# netcardconfig

Once your network settings are configured, there are several options for transferring files. cp is fine for locally mounted filesystems. Copying files over an untrusted network should be done with scp (secure copy), and in fact Knoppix won't let you use anything else. scp uses ssh for encrypted file transfer and lets you move files without setting up NFS or Samba. You'll need an ssh server running somewhere on the network to receive the files. This command copies an entire directory:

# scp -rp /mnt/hda5/home/carla 192.168.1.5:/home/carla/tmp


SSH quickstart



What, you have no ssh server? If you really do not yet have ssh installed, here is a quick-start guide to running SSH. But before using it for even routine remote administration tasks, you should study ssh in more depth. Note also that there have been a number of important security patches issued recently.

OpenSSH comes with all major Linux distributions, and yours should already have it. (To find out, type locate sshd.) If not, download and install it. It doesn't need to be on a special machine; any Linux PC can run SSH. Start it up like so:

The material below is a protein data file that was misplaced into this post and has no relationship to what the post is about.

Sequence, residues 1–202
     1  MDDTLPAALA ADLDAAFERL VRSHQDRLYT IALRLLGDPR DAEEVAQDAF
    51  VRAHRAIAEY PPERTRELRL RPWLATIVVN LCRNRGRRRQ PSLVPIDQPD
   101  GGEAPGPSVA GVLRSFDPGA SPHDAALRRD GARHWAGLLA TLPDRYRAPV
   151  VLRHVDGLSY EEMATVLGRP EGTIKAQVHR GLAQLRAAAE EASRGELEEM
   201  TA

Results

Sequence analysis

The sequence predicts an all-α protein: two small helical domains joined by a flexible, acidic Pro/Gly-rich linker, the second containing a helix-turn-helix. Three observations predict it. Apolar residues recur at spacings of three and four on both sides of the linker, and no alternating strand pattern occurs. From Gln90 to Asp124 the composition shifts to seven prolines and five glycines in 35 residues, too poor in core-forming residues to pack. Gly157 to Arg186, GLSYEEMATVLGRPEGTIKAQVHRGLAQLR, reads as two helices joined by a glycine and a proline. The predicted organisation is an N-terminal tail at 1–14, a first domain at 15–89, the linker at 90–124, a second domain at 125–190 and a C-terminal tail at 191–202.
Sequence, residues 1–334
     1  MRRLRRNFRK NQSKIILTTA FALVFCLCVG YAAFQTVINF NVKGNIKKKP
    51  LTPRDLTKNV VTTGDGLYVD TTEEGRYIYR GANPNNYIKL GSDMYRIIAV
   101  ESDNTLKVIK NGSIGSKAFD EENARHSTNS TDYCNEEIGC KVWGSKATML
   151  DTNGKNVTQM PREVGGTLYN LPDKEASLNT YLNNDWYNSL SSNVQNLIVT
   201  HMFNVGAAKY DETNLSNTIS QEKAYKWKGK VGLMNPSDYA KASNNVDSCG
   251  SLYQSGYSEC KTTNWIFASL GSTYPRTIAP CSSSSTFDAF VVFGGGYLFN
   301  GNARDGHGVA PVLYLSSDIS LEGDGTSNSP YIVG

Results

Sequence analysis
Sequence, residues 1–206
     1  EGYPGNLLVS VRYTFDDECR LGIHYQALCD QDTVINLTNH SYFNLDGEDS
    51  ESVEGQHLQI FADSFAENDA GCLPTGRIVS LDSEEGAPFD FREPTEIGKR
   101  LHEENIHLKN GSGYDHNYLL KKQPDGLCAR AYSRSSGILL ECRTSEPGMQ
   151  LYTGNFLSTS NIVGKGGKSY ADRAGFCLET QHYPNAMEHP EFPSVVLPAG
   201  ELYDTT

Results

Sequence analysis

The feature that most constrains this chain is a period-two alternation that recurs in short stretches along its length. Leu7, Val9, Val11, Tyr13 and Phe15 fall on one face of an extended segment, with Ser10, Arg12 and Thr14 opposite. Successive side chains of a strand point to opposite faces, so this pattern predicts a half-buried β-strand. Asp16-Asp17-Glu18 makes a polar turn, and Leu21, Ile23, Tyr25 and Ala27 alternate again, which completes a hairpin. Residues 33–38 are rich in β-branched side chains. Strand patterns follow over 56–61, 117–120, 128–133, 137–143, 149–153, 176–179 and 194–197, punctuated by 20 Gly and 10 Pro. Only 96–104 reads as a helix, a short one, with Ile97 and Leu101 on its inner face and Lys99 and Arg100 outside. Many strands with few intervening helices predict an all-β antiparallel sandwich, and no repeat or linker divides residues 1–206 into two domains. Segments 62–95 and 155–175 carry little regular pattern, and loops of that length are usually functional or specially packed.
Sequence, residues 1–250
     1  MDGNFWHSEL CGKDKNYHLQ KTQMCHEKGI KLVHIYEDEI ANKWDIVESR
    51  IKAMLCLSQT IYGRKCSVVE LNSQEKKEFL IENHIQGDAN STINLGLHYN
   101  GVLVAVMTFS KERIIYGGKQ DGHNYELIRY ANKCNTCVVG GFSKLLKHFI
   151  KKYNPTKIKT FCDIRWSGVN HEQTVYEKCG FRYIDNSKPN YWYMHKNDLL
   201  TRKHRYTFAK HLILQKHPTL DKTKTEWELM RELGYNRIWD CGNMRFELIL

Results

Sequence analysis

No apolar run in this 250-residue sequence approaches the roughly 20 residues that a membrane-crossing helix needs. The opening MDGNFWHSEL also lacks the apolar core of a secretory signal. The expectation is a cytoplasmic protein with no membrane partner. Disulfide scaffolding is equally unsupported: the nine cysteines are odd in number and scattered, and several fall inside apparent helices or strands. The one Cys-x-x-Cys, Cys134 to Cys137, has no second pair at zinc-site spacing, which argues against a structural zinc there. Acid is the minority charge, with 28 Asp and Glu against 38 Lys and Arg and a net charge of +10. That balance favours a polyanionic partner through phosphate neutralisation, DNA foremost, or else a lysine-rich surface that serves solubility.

# /etc/init.d/ssh start

Then, all you need is for the same user to have accounts on both machines. Using root is easiest, but potentially dangerous. And, of course, you can create user accounts on Knoppix as needed, with useradd and passwd. Then run the scp command as in the example above, and there you go.

The first time you connect, you'll get a "The authenticity of host X can't be established...are you sure you want to continue connecting?" message. Answer "yes." It will ask for the root password of the SSH server, and then you're home free. To move files as a non-root user:

# scp -rp /mnt/hda5/home/carla carla@192.168.1.5:/home/carla/tmp


Open a root shell on the host system



This lets you operate on the host system, as though you were logged into it directly. Identify the partition the host system is on, then open a Knoppix root shell and mount it:

root@ttyp0[knoppix]# mount /dev/hda1 /mnt/hda1
root@ttyp0[knoppix]# chroot /mnt/hda1
root@Knoppix:/
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Redefining Christianity: Understanding the Purpose-Driven Movement